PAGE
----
Another thing I liked was the fact that the romance, while it existed, wasn’t insta-lovey and wasn’t the main focus for either Raffe or Penryn. They barely tolerated each other at first, but came together through shared experiences. Both of them had their own motivations, their own goals, and weren’t about to let the other distract them from that.

One thing I was also pleasantly surprised by was the atmosphere in Angelfall: It was dark and creepy and fast-paced and captivating. I liked the return to the more biblical angelic figures, the “harbingers of doom”, but some with very human desires and motivations, making for a somewhat chilling combination.

All in all, I really enjoyed this book and will be picking up the sequel, World After. I did dock a half star because there were a few little things here and there that bothered me a bit, but for the most part I’m hoping they’ll get explained in future books, so it’s nothing major. I would still highly recommend them, and I suppose I’m now in with the ravers.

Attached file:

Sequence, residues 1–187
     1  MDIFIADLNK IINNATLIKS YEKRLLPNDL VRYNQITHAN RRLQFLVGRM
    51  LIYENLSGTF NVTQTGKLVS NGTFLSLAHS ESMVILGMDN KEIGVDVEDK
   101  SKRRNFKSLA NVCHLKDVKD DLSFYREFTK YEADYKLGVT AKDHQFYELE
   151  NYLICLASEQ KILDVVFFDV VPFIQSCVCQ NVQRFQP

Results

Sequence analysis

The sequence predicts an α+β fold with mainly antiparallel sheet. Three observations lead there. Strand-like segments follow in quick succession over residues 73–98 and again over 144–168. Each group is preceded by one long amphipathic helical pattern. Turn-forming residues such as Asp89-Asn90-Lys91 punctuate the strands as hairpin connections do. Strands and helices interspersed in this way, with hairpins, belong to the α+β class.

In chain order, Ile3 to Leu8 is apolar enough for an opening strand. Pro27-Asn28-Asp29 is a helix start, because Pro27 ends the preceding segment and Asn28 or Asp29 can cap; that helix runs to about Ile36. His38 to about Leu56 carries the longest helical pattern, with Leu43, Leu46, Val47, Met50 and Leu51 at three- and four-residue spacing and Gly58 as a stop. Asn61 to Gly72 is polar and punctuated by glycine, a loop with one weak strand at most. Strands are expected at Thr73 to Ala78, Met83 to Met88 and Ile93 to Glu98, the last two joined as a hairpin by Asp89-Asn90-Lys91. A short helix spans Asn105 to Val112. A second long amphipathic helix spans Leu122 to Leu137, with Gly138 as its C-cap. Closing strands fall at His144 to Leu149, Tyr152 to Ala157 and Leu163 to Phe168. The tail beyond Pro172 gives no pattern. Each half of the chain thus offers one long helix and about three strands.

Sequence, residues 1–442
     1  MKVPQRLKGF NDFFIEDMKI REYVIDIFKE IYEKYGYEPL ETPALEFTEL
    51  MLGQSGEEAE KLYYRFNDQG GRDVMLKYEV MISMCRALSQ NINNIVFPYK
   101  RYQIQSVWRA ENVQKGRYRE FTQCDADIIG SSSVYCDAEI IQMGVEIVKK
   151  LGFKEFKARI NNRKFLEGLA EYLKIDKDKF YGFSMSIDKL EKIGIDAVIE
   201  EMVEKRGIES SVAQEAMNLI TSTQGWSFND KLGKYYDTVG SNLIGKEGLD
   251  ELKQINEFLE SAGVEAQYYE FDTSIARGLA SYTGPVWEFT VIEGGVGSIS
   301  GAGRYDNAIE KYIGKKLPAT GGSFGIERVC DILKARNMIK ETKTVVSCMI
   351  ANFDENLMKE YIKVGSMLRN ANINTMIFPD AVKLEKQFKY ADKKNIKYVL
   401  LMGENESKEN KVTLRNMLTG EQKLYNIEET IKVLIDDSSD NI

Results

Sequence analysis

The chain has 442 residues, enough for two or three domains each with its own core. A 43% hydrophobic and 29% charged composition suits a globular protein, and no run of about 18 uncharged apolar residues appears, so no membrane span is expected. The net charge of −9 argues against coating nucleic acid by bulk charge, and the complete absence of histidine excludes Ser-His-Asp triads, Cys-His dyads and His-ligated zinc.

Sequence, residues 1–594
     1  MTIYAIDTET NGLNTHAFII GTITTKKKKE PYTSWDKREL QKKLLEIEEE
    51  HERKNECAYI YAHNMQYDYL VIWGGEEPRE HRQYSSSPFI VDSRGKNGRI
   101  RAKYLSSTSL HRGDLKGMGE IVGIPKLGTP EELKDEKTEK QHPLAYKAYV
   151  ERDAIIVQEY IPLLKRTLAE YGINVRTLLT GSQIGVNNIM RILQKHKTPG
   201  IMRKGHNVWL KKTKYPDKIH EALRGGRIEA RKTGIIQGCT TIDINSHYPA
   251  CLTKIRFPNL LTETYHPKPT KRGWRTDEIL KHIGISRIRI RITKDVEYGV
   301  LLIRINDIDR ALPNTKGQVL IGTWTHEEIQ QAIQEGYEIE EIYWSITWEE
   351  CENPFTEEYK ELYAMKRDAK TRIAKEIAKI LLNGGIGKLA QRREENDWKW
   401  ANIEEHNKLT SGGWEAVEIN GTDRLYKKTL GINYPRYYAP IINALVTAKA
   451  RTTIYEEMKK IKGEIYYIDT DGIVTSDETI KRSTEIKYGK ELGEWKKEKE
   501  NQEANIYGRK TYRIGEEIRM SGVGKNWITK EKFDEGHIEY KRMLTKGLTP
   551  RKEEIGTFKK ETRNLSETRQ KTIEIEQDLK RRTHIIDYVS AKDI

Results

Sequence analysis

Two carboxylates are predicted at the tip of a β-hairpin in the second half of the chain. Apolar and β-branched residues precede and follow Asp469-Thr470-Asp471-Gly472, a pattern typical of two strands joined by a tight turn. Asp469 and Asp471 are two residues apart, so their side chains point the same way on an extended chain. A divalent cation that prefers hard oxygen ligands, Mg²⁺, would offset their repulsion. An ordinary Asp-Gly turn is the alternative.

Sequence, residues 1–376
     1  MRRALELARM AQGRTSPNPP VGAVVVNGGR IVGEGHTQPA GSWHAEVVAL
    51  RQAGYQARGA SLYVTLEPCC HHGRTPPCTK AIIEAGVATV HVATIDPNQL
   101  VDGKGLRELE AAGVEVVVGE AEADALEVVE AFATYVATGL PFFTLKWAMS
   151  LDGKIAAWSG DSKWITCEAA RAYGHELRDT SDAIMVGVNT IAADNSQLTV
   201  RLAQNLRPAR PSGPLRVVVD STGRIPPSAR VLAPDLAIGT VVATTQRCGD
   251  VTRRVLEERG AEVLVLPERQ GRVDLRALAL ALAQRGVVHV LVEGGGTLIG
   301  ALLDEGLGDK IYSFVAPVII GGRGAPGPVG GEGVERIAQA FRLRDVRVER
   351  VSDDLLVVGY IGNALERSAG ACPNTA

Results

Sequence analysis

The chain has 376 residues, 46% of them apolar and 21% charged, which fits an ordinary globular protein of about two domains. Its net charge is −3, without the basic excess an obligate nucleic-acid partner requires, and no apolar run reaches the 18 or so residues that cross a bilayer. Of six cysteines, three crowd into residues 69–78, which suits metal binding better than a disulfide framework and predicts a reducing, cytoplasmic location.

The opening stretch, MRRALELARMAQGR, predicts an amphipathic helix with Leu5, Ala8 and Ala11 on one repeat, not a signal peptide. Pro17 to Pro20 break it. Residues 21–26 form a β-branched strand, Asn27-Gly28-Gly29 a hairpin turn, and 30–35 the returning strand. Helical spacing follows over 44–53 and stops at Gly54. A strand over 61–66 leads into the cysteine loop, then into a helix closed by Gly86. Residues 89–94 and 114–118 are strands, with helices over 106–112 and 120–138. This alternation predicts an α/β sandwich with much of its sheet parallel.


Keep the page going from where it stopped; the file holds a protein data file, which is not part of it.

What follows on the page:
What about you? Have you read Angelfall and if you have, what were your thoughts? Let me know in the comments below!


Initial Thoughts: In the Afterlight


Author: Alexandra Bracken | Pages: 535 | Series: Darkest Minds Trilogy, #3 | Rating: 5 stars

So with this being the last book in a series I don’t want to give a synopsis around this little bit here to risk spoiling anyone who hasn’t read the rest of the series yet, so I decided to try something different this time and just give you my notes I wrote when I finished In the Afterlight,rather than give a full review. I tend to type up or write a little after I’m finished with each book in order to give me something to look back on when I write up the review, so I thought I’d let you take a look at one just to give you an idea of how my mind works when I’m haven’t had time to compile my thoughts. Or compose them, even. Everything below the cut is literally copy-and-pasted from my notes. I figure this could be fun, or it could be a complete disaster. We’ll see!

Oh, and if you couldn’t already tell, there will be A LOT OF SPOILERS UNDER THE CUT. Please don’t read any further if you haven’t read the last book and/or don’t want to be spoiled on some of the events in the Darkest Minds series. Also, there will be a small bit of language so if you don’t like cursing, you might also not want to read it.

Okay, moving on!

EDIT: THIS IS THE CUT, BECAUSE THE READ-MORE TAG ISN’T WORKING RIGHT NOW, at least not on my screen. So, if you don’t want spoilers, please don’t read past here.